When I joined the Catholic Church in 2007 it wasn't for an easy life. The moral and ethical stimulus challenges and enriches me in equal measure. I haven't tended to talk about it on this blog too much, and don't feel sufficiently comfortable with the scripture or the doctrine to pour forth. It's also a fact that most people I come across who on hearing I'm Catholic think it's akin to being in a right-wing political party. In so many ways it is so far from that.
To me it veers from being beautifully simple to achingly hard. Yet proper Christian love remains at the centre of it all. Christ's love and the simple message we used to hear at the end of every Mass - "go in peace to love, and serve the Lord". The comma is important.
Here's what the Pope had to say at Easter: "[Jesus Christ] is present as a force of hope through his Church, which is
close to all human situations of suffering and injustice."
But here's a thing. At the celebration of Easter our priest's homily took a diversion from a message about Natural Law to one of the core issues of the day - gay marriage.
This is what priests should do - poke at your faith and remind us that it's not just the easy stuff about forgiveness and doing good, but the hard bits too. It was uncomfortable, as it should be. It causes you to reflect and sometimes recoil, as he should do. I make no bones about that, but what follows is where I am at the moment. Homosexuality has always caused a problem for the church, in fact for all faiths for all time, it has been one of the lines in the sand.
Evoking Natural Law brings the issue to the heart of faith, God's gifts and human existence. My difficulty is that I don't see homosexuality as a sin or against that natural law. I see it as a part of some people's human make up - their capacity to love and to share, but with someone of the same sex.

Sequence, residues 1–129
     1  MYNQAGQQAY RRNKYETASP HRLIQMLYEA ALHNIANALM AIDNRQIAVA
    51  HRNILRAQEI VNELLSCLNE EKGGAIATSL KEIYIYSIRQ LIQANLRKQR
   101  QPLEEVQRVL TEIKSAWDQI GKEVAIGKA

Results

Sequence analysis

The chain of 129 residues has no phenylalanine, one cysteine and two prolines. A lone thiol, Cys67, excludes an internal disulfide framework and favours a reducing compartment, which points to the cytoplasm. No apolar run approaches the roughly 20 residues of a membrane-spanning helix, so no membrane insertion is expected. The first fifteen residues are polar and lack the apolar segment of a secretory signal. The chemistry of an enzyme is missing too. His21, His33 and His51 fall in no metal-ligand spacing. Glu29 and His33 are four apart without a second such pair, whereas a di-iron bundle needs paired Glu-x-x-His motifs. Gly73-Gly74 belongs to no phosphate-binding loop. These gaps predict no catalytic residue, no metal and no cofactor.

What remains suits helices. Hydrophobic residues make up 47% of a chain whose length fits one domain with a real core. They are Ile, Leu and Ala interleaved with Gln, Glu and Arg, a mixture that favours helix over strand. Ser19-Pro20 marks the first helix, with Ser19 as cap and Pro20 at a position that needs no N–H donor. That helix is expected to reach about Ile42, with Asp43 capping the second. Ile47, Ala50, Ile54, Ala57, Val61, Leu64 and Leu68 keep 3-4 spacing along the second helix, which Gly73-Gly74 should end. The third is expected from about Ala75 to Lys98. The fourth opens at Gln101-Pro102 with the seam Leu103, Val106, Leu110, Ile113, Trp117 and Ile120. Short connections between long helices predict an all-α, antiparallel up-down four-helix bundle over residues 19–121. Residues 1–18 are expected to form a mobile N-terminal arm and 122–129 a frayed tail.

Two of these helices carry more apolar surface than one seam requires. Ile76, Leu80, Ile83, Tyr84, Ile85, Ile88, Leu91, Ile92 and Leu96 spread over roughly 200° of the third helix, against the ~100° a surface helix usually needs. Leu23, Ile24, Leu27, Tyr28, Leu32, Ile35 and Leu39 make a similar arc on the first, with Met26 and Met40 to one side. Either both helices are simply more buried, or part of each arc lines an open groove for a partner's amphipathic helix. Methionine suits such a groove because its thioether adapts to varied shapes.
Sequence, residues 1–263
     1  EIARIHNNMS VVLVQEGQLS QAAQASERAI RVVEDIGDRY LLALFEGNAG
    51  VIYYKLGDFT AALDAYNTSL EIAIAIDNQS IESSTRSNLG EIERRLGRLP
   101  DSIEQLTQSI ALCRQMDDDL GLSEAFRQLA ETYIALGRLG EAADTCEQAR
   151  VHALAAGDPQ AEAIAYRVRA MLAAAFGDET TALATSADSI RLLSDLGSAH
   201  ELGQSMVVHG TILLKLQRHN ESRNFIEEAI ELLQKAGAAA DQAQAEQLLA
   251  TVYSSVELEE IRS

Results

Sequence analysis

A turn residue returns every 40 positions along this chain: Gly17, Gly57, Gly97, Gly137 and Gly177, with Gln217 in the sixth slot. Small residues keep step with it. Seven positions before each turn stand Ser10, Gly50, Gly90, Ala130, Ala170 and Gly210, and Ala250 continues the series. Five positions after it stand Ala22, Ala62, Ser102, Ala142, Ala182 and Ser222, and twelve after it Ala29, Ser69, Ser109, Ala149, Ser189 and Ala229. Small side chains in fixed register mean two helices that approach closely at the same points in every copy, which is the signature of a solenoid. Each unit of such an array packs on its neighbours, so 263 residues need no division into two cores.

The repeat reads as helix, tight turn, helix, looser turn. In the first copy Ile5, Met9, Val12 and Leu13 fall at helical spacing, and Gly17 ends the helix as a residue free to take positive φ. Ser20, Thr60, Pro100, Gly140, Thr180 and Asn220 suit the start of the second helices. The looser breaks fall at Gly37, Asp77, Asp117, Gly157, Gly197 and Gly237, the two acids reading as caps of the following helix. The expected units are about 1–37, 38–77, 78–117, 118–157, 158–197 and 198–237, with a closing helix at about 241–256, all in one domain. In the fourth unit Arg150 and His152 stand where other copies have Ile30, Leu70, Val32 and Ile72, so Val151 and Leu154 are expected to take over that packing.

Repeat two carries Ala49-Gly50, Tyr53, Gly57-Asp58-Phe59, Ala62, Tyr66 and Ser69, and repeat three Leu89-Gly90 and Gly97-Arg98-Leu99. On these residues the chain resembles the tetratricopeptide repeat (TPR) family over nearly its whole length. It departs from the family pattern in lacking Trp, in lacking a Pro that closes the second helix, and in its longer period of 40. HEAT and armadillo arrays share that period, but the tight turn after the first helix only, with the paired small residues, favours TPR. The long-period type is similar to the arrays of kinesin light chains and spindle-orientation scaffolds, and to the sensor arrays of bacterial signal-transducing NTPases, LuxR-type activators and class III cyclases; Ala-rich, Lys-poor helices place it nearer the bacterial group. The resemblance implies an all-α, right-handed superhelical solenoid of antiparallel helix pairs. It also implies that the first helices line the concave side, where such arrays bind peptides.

I tend to the view of controversial gay priest Father Bernard Lynch, who said this weekend: "I do feel there is need to witness to the fact that gay is good and gay
belongs to God. There are millions of lesbian and gay Catholics who
need a witness to the fact that their love is not evil."
So, while it's possible to take all of that on board and still say - "hang on" over accepting marriage between same sex couples in a union blessed by the Church, I find the logic here is towards taking the argument two steps backwards behind that line in the sand on homosexuality itself.
This isn't my doctrine, this isn't even me saying I have all the answers, as you can see I haven't really said anything, but it's where I am with this issue at the moment. Any guidance gratefully received.